A Māori customary marriage involves partners who marry under tikanga Māori. Whānau approval means a couple are married rather than living together or a formal ceremony.
We do not know how many people in New Zealand are partners in a Māori customary marriage. There is evidence that Māori customary marriages happen but they are not very common.
A Māori customary marriage would probably come under the Property (Relationships) Act 1976 because the law would see the partners as in a de facto relationship.
That would mean the property division rules of the Property (Relationships) Act 1976 would apply if the couple separated, rather than tikanga Māori values.
Māori customary marriage does not carry with it any rights to property the other partner holds (although manaakitanga may require the whānau to care for a partner and any children).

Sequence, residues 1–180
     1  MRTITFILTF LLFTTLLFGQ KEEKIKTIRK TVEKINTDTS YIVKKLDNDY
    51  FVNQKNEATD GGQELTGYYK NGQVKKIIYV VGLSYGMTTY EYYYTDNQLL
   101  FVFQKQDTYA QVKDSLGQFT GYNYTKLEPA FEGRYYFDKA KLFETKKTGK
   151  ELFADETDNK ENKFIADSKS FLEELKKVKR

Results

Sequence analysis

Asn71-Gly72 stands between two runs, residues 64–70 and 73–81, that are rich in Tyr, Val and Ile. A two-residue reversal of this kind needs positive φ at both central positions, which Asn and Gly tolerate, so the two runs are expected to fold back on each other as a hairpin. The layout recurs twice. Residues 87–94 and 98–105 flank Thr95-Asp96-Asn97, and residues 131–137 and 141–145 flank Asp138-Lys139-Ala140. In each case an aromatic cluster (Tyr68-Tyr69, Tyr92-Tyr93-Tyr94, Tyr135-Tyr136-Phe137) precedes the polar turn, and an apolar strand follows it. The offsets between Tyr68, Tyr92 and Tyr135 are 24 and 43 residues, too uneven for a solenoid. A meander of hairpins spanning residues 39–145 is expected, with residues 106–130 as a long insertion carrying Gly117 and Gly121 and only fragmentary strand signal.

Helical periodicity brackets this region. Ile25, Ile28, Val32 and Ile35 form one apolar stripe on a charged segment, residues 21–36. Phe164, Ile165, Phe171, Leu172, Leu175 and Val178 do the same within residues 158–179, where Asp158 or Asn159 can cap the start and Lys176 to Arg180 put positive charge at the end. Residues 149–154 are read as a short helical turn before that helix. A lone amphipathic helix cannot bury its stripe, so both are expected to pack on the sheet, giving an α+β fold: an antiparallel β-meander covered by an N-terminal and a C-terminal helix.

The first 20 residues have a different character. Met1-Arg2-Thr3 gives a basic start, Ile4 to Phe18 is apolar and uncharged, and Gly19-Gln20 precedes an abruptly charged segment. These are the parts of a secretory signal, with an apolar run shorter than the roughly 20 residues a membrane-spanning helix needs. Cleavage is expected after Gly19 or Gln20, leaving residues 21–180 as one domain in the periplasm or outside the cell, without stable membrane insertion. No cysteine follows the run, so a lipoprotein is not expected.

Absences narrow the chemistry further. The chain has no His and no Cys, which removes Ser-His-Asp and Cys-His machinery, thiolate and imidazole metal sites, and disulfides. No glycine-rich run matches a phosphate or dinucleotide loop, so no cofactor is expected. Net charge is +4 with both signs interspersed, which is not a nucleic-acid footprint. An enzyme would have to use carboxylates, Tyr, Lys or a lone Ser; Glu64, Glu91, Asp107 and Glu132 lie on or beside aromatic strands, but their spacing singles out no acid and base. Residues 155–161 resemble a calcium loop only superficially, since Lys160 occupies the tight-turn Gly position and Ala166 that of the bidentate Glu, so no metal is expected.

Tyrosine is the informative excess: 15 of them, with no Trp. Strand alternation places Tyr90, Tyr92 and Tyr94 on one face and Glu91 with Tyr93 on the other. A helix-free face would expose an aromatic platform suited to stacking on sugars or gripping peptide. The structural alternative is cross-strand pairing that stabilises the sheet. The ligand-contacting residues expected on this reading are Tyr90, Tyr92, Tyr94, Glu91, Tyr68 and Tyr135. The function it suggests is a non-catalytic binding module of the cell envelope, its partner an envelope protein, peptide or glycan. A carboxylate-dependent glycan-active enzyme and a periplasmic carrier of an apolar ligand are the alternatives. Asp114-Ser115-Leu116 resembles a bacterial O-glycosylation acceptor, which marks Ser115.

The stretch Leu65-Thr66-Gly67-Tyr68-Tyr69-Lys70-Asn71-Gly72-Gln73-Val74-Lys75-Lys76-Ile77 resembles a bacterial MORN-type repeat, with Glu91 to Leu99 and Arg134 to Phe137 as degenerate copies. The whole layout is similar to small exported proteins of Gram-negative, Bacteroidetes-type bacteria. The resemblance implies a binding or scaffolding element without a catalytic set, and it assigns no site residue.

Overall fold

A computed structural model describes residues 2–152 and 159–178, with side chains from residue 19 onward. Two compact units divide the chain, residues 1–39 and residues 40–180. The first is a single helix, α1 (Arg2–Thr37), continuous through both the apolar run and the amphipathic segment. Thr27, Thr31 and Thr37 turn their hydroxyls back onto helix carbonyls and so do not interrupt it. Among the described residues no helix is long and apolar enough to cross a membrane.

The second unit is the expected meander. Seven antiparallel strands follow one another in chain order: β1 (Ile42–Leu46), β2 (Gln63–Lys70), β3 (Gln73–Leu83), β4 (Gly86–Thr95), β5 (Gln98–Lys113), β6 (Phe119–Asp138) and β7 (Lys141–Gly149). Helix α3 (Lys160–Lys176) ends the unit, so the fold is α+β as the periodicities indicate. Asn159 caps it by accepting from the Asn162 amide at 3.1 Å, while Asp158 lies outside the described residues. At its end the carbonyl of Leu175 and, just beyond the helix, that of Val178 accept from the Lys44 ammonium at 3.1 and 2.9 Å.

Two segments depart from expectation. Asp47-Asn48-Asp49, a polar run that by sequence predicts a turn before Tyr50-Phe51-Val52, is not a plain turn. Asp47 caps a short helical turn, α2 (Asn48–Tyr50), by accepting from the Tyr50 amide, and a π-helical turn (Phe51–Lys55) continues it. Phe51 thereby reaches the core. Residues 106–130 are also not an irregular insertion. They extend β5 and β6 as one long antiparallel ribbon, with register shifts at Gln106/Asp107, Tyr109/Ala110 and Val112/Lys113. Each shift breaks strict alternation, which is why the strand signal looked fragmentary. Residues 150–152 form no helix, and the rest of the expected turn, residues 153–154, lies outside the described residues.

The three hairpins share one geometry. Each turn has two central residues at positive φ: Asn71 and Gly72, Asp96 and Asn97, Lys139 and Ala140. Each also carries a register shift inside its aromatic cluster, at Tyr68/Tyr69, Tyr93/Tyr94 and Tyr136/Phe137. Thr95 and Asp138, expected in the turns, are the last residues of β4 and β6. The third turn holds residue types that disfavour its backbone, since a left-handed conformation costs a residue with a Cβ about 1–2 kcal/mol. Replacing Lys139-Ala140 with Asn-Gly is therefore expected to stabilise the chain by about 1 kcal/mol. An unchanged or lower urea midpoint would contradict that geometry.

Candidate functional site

Whanaungatanga also emphasises that property passes on through descent lines rather than to a partner.
Some people say that, because the Property (Relationships) Act 1976 applies, partners to Māori customary marriages might claim a half-share in the couple’s relationship property. There could be conflict with whānau if, under tikanga Māori, the property more properly belongs to the whānau.
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